With LURVE well and truly in the air this week at Clothes-Make-the-Man this week we caught up with relationship expert, psychologist and therapist, Dr. Kalanit Ben-Ari, who has recently launched her 30 day online course ‘Ready for Love’ specifically for couples. The course condenses Dr. Kalanit’s 16 years of experience into one, easy to follow programme featuring her tips, secrets and practical advice.
With over 15 years’ experience, Dr. Kalanit has built a solid reputation for providing a first-class service at her private clinic in Hampstead, London. As a wife and mother of two, her passion and dedication to help couples prosper in their relationship and for families to work together as a strong unit is second to none. Dr. Kalanit has also published two books, ‘Small Steps to Great Parenting – The Essential Guide for Busy Families’, which provides cutting edge information on parenting and reached Amazon Best seller, and ‘The Lost Book’, which is written for those aged four to eight and demonstrates to children and parents alike how frustration can be turned into a creative and positive experience.
For couples who simply want to spice up their relationship, learn new things about themselves, their partner or their partnership. For couples searching for tools and direction to transform challenges into meaningful and happy relationships – Ready For Love is specifically designed to help couples get the relationship they desire.
Dr. Kalanit’s proven programme can help shift old habits, unlock the relationship’s true potential, and help couples to fall in love all over again. Designed with today’s busy lifestyle in mind, all of the content is concise but fun. Today, she has shared her top five tips for couples to make the most of Valentine’s Day and help strengthen their relationship long-term.
1) Think outside the box: plan a ‘novelty’ experience. In a long term relationship, you’ve probably exhausted the dinner and a movie date option. Think about a time when you were more adventurous and look for high energy, fun activities that create an exciting shift in energy. This is ideal if you’re active people, but even if you’re not – the bonding hormones can kick in with a joint activity. For the adventurous ones, research shows that when we feel fear and excitement we often fancy the person we do it with!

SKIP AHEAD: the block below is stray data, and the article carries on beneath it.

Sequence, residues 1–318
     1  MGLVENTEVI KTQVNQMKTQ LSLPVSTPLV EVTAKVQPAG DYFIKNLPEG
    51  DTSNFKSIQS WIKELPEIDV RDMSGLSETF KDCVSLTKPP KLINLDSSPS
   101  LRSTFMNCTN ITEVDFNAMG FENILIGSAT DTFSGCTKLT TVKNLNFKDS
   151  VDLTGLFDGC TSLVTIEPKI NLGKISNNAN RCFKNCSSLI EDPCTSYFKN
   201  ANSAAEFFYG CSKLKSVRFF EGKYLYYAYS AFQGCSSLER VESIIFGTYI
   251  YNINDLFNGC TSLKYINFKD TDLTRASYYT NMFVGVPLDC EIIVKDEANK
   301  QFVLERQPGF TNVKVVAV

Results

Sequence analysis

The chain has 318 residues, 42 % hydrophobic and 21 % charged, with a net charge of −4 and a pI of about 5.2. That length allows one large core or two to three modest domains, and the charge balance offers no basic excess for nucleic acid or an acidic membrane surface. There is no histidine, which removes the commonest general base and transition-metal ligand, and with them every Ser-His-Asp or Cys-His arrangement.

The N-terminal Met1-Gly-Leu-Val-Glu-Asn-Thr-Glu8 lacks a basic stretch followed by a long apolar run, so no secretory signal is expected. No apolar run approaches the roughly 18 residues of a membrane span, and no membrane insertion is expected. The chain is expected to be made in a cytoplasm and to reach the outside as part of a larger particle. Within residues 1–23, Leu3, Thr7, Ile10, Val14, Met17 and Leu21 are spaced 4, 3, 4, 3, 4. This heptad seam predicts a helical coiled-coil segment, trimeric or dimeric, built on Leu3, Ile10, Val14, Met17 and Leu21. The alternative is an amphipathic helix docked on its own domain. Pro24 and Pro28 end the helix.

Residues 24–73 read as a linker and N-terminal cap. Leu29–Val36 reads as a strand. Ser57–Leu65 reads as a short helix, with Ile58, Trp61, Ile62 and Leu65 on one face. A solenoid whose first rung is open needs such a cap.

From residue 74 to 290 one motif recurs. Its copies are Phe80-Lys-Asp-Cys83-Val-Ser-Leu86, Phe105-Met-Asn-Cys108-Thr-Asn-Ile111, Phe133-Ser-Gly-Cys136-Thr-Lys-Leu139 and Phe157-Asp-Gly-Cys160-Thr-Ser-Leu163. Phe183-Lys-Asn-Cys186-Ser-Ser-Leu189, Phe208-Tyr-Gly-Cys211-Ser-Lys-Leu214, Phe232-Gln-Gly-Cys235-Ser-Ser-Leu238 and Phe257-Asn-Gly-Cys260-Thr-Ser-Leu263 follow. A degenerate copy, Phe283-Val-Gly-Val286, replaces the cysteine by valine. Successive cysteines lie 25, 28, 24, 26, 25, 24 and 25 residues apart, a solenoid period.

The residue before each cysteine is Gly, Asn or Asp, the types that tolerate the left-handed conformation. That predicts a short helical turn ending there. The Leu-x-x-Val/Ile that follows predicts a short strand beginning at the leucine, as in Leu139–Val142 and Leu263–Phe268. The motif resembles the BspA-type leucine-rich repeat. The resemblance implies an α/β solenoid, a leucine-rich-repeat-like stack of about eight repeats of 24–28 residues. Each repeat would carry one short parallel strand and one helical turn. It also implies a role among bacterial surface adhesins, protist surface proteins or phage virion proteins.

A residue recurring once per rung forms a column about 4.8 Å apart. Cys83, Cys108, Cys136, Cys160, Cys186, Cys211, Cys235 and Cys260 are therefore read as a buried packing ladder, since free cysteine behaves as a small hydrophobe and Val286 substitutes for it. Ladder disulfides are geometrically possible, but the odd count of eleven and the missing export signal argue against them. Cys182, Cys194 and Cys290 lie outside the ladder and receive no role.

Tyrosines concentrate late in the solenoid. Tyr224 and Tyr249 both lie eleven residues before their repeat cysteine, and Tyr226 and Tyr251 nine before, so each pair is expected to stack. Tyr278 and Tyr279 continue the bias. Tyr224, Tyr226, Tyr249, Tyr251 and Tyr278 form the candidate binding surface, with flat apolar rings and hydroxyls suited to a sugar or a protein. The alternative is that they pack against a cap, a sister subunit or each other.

2) Think from your partner’s point of view: we often give to others what we would like to receive ourselves, but the key to a meaningful gift is to plan something you know your partner will really appreciate. And if you’re not sure, it’s ok to ask the other person before assuming (in a subtle way of course). Opening up these kinds of conversations can bring you much closer together. You might be more sociable than your partner who prefers something more intimate. You may want to go away as a couple for the weekend, but your partner would prefer a physical gift to open.
3) Commit to growth and development: if things aren’t going smoothly in your relationship, use Valentine’s Day as an opportunity for growth and development, rather than a symbolic one-off event. There are some great relationship workshops out there that can be a game-changers for couples who aren’t sure where to start. For instance, the Imago educational weekend for couples, or my ‘Ready For Love’ online courses for couples at all different stages. There are also a number of books with exercises you can do by yourself, such as ‘Getting The Love You Want’ by Harville Hendrix and Hellen Lukkely-Hunt, or ‘Hot Monogamy’ by Pat Love. Committing yourself to a process that will rejuvenate your relationship – you might just fall in love with your partner all over again.
4) Look for a gift with meaning: think about your relationship and ask yourself if there are any pieces missing. Use what you come up with to guide you in the direction of a gift with meaning. For instance, if you feel that you take each other for granted, make a list of all the things you love and appreciate about your partner, and be passionate about it. Include all aspects of your life: career, finance, physicality, intimacy, parenthood, social life and so on. On the morning of Valentine’s Day, share the list with them, and you can both start the day feeling positive and full of love and appreciation.
5) Fun, fun, fun! In my experience as a couples therapist, I can tell you one thing for sure; in long-term relationship, couples rarely have the right balance between shared responsibilities and fun/romance. Having fun not only serves you by creating a ground on which to flourish and overcome challenging times, but it is the essence of who we are. The joyfulness of relationships can be dulled by daily stress and responsibilities, we think we don’t have time for fun. It’s not about finding the time however, it’s about being mindful and prioritising, and you can find opportunities for this throughout every day. Something as small as welcoming your partner home at the end of the day with a level of over-excitement, as if you hadn’t seen them for a week, can help bring back the feeling of excitement and lust you felt at the start of the relationship.